January 27, 2020  |  Chicago Events

Direct Cash Transfers: Lessons From the Field

By Ebony Scott, FII-Chicago Director

On January 16th, thanks to the generous support of Google and the Chicago Community Trust, Family Independence Initiative-Chicago hosted a lively discussion on cash transfer mechanisms and their ability to help alleviate poverty for millions of Americans. The panel was moderated by former Regional HUD Administrator and philanthropist William “Bill” Block. Panelist Dr. Matthew Morton opened the discussion by providing a definition of what cash transfers are and walked the audience through how the international community, starting in Mexico, has adopted cash transfers as a means to alleviate extreme poverty and the role the World Bank has played in the expansion of cash transfers to places like Afghanistan. 

Panelist Dr. Aisha Nyandoro, CEO of Springboard to Opportunities, shared how her cash transfer project, the Magnolia Mothers Trust is also highly focused on learning from the social capital exchanges occurring among the participants. Sukhi Samra, Director of the Stockton SEED project, highlighted how they are also working to provide optional support services to recipients, a sentiment others on the panel shared as each agreed that cash transfers are not a “silver bullet” and optional services are often sought by participants. Each panelist stressed however that any offering of additional supports should be guided by what participants are asking for and never be mandated.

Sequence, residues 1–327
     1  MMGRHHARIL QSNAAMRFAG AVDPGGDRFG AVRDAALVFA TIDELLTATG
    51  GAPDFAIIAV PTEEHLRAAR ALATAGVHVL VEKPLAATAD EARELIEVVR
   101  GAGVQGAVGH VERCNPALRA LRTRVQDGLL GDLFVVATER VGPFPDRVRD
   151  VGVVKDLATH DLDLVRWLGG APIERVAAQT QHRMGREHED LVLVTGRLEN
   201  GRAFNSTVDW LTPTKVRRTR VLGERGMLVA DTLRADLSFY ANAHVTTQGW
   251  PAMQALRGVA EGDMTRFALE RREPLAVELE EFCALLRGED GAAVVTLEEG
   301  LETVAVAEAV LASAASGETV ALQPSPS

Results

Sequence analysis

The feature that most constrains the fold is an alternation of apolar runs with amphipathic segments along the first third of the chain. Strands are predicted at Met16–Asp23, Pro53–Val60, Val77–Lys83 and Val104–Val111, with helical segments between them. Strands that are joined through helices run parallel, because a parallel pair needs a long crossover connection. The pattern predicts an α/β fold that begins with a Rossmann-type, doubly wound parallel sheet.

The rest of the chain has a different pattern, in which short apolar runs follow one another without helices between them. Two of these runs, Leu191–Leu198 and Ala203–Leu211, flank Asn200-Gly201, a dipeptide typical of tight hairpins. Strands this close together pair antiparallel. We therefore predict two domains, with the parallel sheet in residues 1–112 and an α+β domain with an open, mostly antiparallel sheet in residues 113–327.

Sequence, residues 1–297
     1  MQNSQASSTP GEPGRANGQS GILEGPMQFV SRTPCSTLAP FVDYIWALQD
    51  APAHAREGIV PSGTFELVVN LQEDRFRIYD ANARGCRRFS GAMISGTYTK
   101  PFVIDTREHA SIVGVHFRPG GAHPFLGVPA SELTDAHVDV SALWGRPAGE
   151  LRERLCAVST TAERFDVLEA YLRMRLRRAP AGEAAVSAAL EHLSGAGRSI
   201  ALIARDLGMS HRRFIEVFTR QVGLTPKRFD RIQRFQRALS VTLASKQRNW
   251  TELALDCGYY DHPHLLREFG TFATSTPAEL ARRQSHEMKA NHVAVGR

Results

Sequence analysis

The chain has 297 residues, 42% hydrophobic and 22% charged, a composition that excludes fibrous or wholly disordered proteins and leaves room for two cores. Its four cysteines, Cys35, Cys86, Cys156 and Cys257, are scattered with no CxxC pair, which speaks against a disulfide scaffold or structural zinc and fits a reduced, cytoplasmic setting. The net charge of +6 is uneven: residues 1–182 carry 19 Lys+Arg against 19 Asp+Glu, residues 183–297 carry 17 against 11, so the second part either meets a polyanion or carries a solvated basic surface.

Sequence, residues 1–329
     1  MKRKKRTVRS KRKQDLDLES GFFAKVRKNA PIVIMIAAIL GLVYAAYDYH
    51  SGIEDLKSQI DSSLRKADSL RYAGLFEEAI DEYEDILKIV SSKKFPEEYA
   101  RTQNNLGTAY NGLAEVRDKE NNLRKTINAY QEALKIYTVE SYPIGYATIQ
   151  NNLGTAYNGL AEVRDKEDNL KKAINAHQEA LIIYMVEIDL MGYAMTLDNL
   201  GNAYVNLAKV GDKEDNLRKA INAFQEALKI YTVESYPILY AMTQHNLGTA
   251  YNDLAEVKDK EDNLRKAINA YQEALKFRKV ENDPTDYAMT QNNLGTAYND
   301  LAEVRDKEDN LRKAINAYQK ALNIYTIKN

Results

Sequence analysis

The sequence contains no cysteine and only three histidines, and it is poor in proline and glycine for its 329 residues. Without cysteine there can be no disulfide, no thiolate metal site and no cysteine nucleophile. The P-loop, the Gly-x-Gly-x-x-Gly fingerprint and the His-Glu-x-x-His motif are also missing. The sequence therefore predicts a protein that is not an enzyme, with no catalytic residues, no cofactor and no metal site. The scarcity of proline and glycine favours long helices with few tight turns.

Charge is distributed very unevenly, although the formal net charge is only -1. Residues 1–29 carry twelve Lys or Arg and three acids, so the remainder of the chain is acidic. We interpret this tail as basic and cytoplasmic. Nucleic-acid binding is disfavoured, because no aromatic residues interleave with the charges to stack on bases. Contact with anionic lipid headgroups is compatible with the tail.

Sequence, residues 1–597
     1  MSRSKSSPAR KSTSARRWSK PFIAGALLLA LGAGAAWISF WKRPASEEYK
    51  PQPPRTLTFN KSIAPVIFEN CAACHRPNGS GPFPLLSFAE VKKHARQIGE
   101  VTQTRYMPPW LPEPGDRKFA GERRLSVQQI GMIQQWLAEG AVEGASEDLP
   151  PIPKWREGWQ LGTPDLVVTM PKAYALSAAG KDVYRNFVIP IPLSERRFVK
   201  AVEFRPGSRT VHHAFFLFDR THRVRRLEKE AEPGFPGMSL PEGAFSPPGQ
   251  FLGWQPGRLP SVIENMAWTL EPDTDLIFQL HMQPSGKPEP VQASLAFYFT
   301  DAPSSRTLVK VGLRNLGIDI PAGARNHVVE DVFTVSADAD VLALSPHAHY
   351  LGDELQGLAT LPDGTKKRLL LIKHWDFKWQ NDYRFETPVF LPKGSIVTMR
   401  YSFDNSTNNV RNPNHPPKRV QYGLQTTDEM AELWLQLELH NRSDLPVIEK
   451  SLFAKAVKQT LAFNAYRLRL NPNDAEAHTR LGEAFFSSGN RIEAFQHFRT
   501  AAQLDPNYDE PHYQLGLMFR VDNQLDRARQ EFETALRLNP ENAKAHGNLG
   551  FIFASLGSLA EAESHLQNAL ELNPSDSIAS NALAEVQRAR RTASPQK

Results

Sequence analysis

The panel also dug into the importance of research and evaluation, so that modifications to cash transfer mechanisms can be made as administrators learn from the data being collected. Dr. Morton shared an interesting example from the international community where data revealed that in certain instances cash transfers made to women, led to an uptick in domestic violence. The additional cash and level of freedom it created caused an unintended increases in violence against women by men who felt their position and authority were being threatened as women gained economic independence. As researchers learned from these unintended consequences they were able to adjust the design and delivery in countries that are highly patriarchal and where domestic violence rates are inherently high.  Dr. Morton went on to share that cash transfers are actually the most rigorously studied social intervention of the modern era with about 164 academic studies having been conducted internationally. 

FII Family Partner and Coalition Director for Economic Security Illinois Amber Wilson shared her experience both as someone receiving an unconditional cash transfer and as a professional now working to use the Earned Income Tax Credit to get more cash to more Americans starting here in Illinois. The morning was full of very rich learning and provided deep insight into how and why we must work toward the expansion of cash transfer programs domestically.

Watch the entire panel here:

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